“Show your Heart”: A Reader’s Comment on Hoover’s First Inaugural Address

By Thomas F. Schwartz

President Hoover giving his Inaugural address, March 4, 1929.
President Hoover giving his Inaugural address, March 4, 1929.

As has been mentioned in previous blog posts, Herbert Hoover was the last president to write complete drafts of all his speeches.  He welcomed comments from individuals whose insights he trusted although he did not always incorporate their suggestions.  Following his election in 1928 and in advance of his March 4, 1929 swearing in ceremony, Hoover sent a draft of his inaugural address to Bruce Barton, famed advertising executive in the firm Batton, Barton, Durstine & Osborn, for comment.  Barton’s remarks focused less on what was written but more on what was left out—emotion.  Barton wrote on February 23, 1929:

“In accordance with your invitation, I have made my suggestions on the manuscript.  Most of them are minor and relate only to phraseology.

I wish that when you come to the end of your remarks on international affairs you might lay aside the matter-of-fact tone and allow yourself one moment of real emotion. The ears of the whole world will be listening to this address, and listening with almost pathetic eagerness.  No element in your personal experience was more stressed in the daily conversation of American homes than your wide acquaintance with foreign peoples.  Americans have said to themselves: ‘Coolidge was good and safe, but Hoover will lead.’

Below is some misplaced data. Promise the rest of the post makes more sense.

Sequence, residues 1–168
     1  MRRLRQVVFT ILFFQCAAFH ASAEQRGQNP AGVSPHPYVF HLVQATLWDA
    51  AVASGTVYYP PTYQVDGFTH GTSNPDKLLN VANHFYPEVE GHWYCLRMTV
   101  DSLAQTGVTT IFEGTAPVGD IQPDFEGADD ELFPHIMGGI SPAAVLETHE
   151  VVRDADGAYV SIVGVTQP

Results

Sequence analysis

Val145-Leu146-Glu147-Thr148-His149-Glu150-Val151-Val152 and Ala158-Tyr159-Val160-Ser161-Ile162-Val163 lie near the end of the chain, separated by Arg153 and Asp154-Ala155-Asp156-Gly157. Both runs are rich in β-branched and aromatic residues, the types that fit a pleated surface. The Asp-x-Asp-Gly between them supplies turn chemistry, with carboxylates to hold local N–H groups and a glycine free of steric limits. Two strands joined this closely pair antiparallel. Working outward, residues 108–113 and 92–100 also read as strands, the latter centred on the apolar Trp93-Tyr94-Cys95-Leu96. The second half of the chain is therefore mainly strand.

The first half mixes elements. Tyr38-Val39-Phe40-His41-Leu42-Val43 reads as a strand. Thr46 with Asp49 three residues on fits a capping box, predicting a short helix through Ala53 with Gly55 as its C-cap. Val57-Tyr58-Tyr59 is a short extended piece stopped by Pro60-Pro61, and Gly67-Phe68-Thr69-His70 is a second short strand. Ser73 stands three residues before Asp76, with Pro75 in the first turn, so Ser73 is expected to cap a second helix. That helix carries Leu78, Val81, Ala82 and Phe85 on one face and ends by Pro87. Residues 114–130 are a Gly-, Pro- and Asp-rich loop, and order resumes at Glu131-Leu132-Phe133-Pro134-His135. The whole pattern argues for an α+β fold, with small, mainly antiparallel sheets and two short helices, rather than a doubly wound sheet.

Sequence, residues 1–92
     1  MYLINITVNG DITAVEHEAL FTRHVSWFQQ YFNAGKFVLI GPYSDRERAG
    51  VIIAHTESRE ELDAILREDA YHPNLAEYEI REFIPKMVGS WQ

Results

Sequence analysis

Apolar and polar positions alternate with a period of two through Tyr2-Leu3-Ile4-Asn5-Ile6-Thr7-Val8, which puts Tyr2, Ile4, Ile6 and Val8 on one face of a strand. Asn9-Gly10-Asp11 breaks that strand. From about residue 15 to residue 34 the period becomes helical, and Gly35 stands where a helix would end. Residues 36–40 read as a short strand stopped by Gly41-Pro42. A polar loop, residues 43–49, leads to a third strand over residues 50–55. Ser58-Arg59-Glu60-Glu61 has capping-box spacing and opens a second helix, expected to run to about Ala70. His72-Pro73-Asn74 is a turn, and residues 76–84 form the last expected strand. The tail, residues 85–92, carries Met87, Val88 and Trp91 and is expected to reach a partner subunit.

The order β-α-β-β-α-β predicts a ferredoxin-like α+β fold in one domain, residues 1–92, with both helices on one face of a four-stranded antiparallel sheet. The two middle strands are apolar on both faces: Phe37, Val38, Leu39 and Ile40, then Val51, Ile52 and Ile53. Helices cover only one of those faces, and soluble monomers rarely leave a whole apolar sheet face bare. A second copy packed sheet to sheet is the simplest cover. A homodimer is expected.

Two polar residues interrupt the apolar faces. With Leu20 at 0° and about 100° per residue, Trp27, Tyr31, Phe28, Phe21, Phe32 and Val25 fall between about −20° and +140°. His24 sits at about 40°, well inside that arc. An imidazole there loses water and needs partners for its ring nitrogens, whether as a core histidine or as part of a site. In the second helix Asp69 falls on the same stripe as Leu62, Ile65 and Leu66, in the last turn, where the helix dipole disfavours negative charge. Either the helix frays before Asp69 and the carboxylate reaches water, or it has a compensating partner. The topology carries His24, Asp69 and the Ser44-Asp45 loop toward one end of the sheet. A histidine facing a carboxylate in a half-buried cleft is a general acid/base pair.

People are not moved by logic; they are moved only by emotion.  The rest of the speech is sound and logical, but this is the place, it seems to me, for you to stop for a moment and show your heart.

I thank you again for the privilege and pleasure of working with you.”

Hoover’s training in scientific method and engineering emphasized the importance of facts, logic, and reason leading to sound conclusions, not emotion and heart.  Critics claim Hoover was cold and lacked empathy for the problems facing average people because he did not verbalize emotion in the way Barton urged him to do.  Verbalizing emotion and feeling emotion are not the same.  One can do the later without verbalizing it and one can do the former without feeling it.  Hoover’s tendency was to contain his emotions even when it would have been politically advantageous to wear his heart on his sleeve.  Those closest to Hoover understood his deep compassion and empathy for people.  The emotion and heart Barton knew Hoover had and wanted the public to see never emerged during Hoover’s presidency.

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